Islamic Law

Author:Doranda Maracineanu
Position:Galati Court
Pages:157-160
SUMMARY

The law system of a State represents the body of rules passed or recognized by that State in order to regulate the social relationships, rules that must be freely obeyed by their recipients, otherwise the State intervening with its coercive power. Throughout the development of the society, pedants have been particularly interested in the issue of law systems, each supporting various classifications; the classification that has remained is the one distinguishing between the Anglo-Saxon, the Roman-German, the religious and respectively the communist law systems. The third main international law system is the Muslim one, founded on the Muslim religion - the Islam. The Islam promotes the idea that Allah created the law and therefore it must be preserved and observed as such. Etymologically, the Arabian... (see full summary)

 
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Islamic Law
Doranda Maracineanu
Galati Court, dorandasiiulianmaracineanu@yahoo.com
Abstract: The law system of a State represents the body of rules passed or recognized by that State in
order to regulate the social relationships, rules that must be freely obe yed by their recipients, otherwise
the State intervening with its coercive power. Throughout the development of the society, pedants have
been particularly interes ted in the issue of law systems, each supporting vari ous classifications; the
classification that has remained is the one distinguishing between the Anglo-Saxon, t he Roman-German,
the religious and respectively the communist law systems. The third main internat ional law system is the
Muslim one, founded on the Muslim religion – the Islam. The Islam promotes the idea that Allah created
the la w and therefore it must be preserved and observed as such. Etymologica lly, the Arabian word
“Islam” means “to be wanted, to obey” implying the fact that this law system promotes total and
unconditioned submission to Allah. The Islamic law is not built on somebody of laws or leading cases,
but has as s ource. The Islam is meant a s a universal religion, the Kora n promoting the idea of the unity
of mankind; thus, one of the precepts in the Koran asserts that “all men are equal (…), there is no
difference between a white man and a black man, between one who is Ara bian and one who is not,
except for the measure in which they fear God.” The Koran is founded mainly on the Talmud, Hebrew
source of inspiration, and only on very few Christian s ources. The Islam does not forward ideas which
cannot be materialized; on the contrary its ideas are purely practical, easy to be observed by the co mmon
man, ideas subordinated to the principle of monotheism. The uncertainties and gaps of the Koran, which
have been felt along the years, imposed the need for a nother set of rules, meant to supplement it – that is
Sunna. Sunna represents a body of laws and, consequently, the second source of the Koran. Sunna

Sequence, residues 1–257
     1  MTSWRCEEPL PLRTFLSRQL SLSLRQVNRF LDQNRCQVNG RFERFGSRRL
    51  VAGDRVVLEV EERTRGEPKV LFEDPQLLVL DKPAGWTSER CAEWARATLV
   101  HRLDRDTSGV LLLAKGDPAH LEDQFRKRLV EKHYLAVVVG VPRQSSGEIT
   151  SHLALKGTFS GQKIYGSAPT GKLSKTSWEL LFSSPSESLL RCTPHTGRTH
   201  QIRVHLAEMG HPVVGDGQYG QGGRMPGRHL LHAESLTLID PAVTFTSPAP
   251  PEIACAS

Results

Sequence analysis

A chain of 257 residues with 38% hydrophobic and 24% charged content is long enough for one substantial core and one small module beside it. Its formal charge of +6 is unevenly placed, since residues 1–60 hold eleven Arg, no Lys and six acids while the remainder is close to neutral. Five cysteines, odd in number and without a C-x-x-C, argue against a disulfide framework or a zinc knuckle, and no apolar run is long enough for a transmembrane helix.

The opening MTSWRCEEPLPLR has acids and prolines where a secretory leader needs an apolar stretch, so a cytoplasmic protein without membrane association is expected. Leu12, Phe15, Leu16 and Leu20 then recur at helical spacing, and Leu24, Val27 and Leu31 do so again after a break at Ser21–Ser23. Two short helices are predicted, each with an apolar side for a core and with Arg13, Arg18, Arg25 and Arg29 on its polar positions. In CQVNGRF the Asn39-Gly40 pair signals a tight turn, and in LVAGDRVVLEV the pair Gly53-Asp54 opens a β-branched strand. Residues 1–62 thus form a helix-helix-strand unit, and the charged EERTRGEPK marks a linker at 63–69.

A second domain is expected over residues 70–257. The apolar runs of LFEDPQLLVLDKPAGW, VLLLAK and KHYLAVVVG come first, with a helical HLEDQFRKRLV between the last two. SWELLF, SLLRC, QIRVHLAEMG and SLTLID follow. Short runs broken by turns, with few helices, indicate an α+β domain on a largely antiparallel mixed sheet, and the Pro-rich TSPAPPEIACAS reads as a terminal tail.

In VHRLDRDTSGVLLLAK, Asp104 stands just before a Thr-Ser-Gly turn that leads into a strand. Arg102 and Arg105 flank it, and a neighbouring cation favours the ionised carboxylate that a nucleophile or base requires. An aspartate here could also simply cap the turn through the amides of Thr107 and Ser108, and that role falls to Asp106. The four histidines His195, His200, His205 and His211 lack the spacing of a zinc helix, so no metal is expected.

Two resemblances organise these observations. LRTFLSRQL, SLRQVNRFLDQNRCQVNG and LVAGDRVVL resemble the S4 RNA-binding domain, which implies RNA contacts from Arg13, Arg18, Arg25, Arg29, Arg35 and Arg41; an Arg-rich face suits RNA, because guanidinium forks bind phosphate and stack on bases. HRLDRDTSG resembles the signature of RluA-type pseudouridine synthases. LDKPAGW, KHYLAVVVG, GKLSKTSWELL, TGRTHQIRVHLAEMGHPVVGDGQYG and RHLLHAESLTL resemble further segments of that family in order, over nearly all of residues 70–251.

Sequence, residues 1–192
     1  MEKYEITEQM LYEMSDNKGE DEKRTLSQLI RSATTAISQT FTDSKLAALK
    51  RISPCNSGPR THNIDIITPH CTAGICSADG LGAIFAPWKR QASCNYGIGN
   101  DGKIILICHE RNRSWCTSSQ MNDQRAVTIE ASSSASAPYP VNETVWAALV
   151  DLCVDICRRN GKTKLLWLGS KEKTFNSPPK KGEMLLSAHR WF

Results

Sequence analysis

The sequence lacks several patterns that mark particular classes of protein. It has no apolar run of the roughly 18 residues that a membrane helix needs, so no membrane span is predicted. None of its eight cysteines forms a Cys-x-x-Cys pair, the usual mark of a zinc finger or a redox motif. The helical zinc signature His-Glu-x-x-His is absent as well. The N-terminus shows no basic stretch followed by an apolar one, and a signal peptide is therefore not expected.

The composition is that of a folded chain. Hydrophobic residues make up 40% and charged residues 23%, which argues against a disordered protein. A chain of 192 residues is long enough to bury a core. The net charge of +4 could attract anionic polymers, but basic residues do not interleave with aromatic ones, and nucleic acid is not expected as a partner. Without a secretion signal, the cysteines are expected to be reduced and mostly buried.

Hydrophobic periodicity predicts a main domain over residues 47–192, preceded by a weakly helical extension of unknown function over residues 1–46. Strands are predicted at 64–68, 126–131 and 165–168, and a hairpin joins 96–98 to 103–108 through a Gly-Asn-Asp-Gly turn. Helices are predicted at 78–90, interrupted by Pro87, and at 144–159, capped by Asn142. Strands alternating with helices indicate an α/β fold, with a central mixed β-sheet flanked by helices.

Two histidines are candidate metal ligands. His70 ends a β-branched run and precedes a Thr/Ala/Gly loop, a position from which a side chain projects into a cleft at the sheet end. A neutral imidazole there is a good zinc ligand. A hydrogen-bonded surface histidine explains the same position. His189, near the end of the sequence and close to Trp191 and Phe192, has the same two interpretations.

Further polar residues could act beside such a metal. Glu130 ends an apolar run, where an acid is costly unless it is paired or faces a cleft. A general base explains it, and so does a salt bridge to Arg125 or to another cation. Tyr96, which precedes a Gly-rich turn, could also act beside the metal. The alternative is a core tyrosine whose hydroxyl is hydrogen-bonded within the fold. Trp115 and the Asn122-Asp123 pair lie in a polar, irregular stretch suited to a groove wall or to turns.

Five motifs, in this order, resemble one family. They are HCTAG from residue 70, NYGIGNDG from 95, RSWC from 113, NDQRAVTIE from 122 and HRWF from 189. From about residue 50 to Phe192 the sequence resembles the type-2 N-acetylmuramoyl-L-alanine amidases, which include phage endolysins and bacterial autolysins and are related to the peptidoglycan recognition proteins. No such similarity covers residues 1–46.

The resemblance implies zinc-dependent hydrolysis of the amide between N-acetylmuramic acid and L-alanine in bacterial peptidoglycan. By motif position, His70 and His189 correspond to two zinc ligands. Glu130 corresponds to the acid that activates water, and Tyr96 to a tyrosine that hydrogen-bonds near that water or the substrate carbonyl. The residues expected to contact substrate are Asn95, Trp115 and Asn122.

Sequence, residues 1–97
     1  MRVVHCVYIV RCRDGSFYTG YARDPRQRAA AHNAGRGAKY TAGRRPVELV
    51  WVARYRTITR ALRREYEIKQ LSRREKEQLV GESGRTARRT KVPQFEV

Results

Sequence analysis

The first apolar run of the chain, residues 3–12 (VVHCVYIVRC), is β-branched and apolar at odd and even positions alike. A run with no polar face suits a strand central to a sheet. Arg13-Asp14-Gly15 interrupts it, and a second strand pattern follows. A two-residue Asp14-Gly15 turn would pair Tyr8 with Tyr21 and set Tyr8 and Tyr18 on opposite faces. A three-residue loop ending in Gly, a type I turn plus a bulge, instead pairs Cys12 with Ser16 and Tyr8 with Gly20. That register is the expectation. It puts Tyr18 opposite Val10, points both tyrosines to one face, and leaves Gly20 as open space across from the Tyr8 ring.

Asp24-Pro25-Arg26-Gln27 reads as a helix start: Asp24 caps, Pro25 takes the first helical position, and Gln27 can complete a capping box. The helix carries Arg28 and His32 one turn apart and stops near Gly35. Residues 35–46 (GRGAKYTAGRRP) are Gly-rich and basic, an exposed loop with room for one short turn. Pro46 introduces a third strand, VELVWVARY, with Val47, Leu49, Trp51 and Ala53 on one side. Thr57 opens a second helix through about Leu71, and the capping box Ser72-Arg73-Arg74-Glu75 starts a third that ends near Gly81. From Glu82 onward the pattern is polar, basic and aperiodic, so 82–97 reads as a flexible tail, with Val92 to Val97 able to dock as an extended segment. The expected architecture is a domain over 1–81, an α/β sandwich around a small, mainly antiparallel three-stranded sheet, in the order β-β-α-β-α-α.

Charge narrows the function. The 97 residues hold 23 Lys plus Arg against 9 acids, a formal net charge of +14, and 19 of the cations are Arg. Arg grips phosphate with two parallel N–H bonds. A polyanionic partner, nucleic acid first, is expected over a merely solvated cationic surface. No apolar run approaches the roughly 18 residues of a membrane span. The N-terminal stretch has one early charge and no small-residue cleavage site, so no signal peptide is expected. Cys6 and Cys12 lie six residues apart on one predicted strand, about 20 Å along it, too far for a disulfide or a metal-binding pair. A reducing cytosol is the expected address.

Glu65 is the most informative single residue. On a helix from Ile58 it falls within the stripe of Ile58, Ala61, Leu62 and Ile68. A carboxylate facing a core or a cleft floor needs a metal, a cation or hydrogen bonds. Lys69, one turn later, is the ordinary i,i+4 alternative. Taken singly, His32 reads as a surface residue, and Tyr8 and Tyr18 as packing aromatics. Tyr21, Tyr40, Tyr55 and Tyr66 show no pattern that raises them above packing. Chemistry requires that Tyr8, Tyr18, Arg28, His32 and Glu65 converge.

narrates the life of the prophet Mohamed, the model to be followed by all Muslims. This prophet teaches
the Muslims f ive basic rules t hey must strictly obey: prayer five times a day, gifts to the poor, faith in
Allah, fasting in the month of Ramadan and pilgrimage to Mecca, a t least once in a lifetime. The K oran
excludes the passage of laws by a legislative body, the divinity being the sole “authority” capable of
governing life in all its dimensions. However , on the other side, as it would have been expected due to
the old times w hen it was created, the Koran encouraged a series of injustices and limitations of the
human rights, from a contemporary point of view; the Islamic law settled the inf eriority of women in
relation to men. If in the 7th century the woman’s p osition in society was rather humble, the voice of the
prophet Mohamed improved her condition, the woman becoming her husband’s “partner and close
helper”, and the develop ment of the society led to the emancipation of the woman, especially due to
external influences. After the beginning of the 19th century, the application area of the Sharia law was
reduced at first due to the western influence, but its proponents succeeded in reviving it, phenomenon
known as “the Islamic rebirth”. Thus, the penetration of modern educa tion as well as the constitution of
national States led to the acceptance of the introduction of the codes specific to the continental system.
In some countries, the Islamic law was officially ab olished – this is the c ase of Albany, Turkey and t he
former USSR. International jurisdictions (Hague International Court), supranational (Strasbourg Court
of Human Rights), and even tra nsnational ones (the one from Kosovo) have already been c reated. In the
light of this international trend, legal systems interfere and tend towards external influence and even
globalization. Given this context, we must mention the Universal Islamic Declaration of Human Rights
(the 19th of September 1981), and the European Union – Islamic Confer ence Organization bilateral
forum held in Ankara, 2002.
Keywords: Islamic law, principle of monotheism, Koran
The law system of a State represents the body of rules passed or recognised by that State in order to
control social relationships, rules that must be freely obeyed by their recipients, otherwise the State
intervening with its coercive power.
Throughout the evolution of the society, pedants have been particularly interested in the issue of law
systems, each supporting various classifications; the classification that has remained is the one
distinguishing between the Anglo-Saxon, the Roman-German, the religious and respectively the
communist law systems.
If the Anglo-Saxon law system (known as “common law” as well) rests upon the leading case, the
Roman-German one is based on the law.
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